On The Dyno
As is standard practice these days, we wanted to find out what the Steeda Sport was throwing down to the tire. To get those numbers, we took a nice drive over to VMP Tuning (www.vmptuning.com) in Deltona, Florida, to run the car on Justin Starkey's in-house Dynojet (www.dynojet.com) chassis dyno. The results were quite impressive-especially for a car with just a cold-air intake and a tune. The car put down just shy of 400 rear-wheel horsepower and 385-plus lb-ft of torque. Obviously the Steeda CAI and tune are doing some work, but with over 3,500 miles on the Sport's odo, we have to think that Coyotes really start to roam free when they're broken in a bit. Imagine what this car would put down with a full exhaust on board!
To satisfy our curiosity,...
To satisfy our curiosity, we ran the Steeda Sport with the hood up, which is standard dyno practice. Then we let it cool and ran it again with the hood closed. The closed underhood environment's head cost a few horsepower, but not many. That shows the Steeda heat shield seals off the filter pretty well.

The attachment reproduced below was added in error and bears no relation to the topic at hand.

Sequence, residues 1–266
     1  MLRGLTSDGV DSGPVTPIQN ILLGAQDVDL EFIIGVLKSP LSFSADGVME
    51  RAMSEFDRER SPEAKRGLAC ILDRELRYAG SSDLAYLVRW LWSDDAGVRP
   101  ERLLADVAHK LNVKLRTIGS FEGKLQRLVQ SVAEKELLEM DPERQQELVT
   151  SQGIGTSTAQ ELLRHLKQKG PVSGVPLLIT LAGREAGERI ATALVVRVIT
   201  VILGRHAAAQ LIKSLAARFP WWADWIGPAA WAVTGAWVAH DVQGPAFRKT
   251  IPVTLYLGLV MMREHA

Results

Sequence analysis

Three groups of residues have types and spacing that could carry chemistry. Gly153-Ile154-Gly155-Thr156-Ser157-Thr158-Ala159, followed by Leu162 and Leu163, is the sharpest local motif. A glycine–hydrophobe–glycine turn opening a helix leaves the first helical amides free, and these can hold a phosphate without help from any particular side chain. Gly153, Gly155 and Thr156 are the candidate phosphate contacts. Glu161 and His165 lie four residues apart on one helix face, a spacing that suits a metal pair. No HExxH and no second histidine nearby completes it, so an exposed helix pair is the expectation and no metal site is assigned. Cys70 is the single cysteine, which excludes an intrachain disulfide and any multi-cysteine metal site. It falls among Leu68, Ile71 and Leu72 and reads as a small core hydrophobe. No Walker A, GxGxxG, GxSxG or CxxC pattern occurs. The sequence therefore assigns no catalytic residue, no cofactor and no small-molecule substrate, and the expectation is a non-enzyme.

We try to run charts and graphs...
We try to run charts and graphs so you can get a good idea of the power trends across the whole powerband, but the graphs always show those peak numbers that we all love because they show every point of data, not just the neat increments we can show in our charts.
|Hood Up||Hood Down||Difference|
On The DragStrip
When the sad time arrived that we had to return the Sport to its rightful owners, we made the trek back up to the Steeda Valdosta campus. However, the fun didn't end right away. After a brief pit stop in the shop, where the front sway bar was disconnected and Nitto NT05R drag radials replaced the street-going NT05s, we headed over the South Georgia Motorsports Park to see what was what.